Ares I and Orion Project Risks and Key Indicators to Measure Progress
GAO-08-186T: Published: Apr 3, 2008. Publicly Released: Apr 3, 2008.
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The National Aeronautics and Space Administration (NASA) is in the midst of two new development efforts as part of the Constellation Program--the Ares I Crew Launch Vehicle and the Orion Crew Exploration Vehicle. These projects are critical to the success of the overall program, which will return humans to spaceflight after Space Shuttle retirement in 2010. To reduce the gap in human spaceflight, NASA plans to launch Ares I and Orion in 2015--5 years after the Shuttle's retirement. GAO has issued a number of reports and testimonies that touch on various aspects of NASA's Constellation Program, particularly the development efforts underway for the Orion and Ares I projects. These reports and testimonies have questioned the affordability and overall acquisition strategy for each project. NASA has revised the Orion acquisition strategy and delayed the Ares I preliminary design review based on GAO's recommendations in these reports. In addition, GAO continues to monitor these projects on an ongoing basis at the request of members of Congress. Based on this work, GAO was asked to testify on the types of challenges that NASA faces in developing the Ares I and Orion vehicles and identify the key indicators that decision makers could use to assess risks associated with common trouble spots in development. The information in this testimony is based on work completed in accordance with generally accepted government auditing standards.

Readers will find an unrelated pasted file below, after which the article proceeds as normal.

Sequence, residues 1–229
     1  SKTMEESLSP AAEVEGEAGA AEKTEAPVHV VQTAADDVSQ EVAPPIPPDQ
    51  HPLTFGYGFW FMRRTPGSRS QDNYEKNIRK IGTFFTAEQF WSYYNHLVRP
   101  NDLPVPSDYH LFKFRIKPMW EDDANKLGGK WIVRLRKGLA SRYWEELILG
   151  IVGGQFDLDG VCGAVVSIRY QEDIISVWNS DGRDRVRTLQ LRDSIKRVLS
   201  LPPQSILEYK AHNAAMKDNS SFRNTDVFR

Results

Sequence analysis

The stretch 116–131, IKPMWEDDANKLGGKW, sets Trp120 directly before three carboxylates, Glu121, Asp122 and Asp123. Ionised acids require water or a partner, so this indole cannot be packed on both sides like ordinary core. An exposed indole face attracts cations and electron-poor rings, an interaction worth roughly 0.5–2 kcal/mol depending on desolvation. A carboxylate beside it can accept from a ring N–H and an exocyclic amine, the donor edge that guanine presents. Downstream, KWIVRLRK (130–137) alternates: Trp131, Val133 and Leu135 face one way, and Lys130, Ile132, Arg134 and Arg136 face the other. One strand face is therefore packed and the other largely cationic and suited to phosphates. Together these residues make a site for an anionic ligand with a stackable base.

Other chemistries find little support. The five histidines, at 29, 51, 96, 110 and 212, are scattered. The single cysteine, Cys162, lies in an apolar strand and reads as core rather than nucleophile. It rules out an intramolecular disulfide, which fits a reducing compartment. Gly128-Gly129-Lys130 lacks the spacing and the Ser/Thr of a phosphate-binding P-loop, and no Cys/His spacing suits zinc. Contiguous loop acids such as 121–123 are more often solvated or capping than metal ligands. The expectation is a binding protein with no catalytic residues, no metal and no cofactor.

NASA is currently working toward preliminary design reviews for the Ares I and Orion vehicles. While this is a phase for discovery and risk reduction, there are considerable unknowns as to whether NASA's plans for these vehicles can be executed within schedule goals and what these efforts will ultimately cost. This is primarily because NASA is still in the process of defining many performance requirements. Such uncertainties could affect the mass, loads, and weight requirements for the vehicles. NASA is aiming to complete this process in 2008, but it will be challenged to do so given the level of knowledge that still needs to be attained. The challenges NASA is facing pose risks to the successful outcome of the projects. For example: both vehicles have a history of weight issues; excessive vibration during launch threatens system design; Uncertainty about how flight characteristics will be impacted by a fifth segment added to the Ares I launch vehicle; Ares I upper stage essentially requires development of a new engine; no industry capability currently exists for producing the kind of heat shields that the Orion will need for protecting the crew exploration vehicle when it reenters Earth's atmosphere; and existing test facilities are insufficient for testing Ares I's new engine, for replicating the engine's vibration and acoustic environment, and for testing the thermal protection system for the Orion vehicle. All these unknowns, as well as others, leave NASA in the position of being unable to provide firm cost estimates for the projects at this point. Meanwhile, tight deadlines are putting additional pressure on both the Ares I and Orion projects. Future requirements changes raise risks that both projects could experience cost and schedule problems. GAO's past work on space systems acquisition and the practices of leading developers identifies best practices that can provide decision makers with insight into the progress of development at key junctures, facilitate Congressional oversight, and support informed decision making. This work has also identified common red flags throughout development, which decision makers need to keep in mind when assessing the projects. They include: Key indicators: Weight growth is often among the highest drivers of cost growth. Unanticipated software complexity, often indicated by increases in the number of lines of code, can portend cost and schedule growth. Key junctures: The preliminary design review, critical design review, and production review are key junctures that involve numerous steps and help focus the agency on realistic accomplishments within reachable goals. A disciplined approach aligned with key indicators can provide the knowledge needed to make informed investment decisions at each review.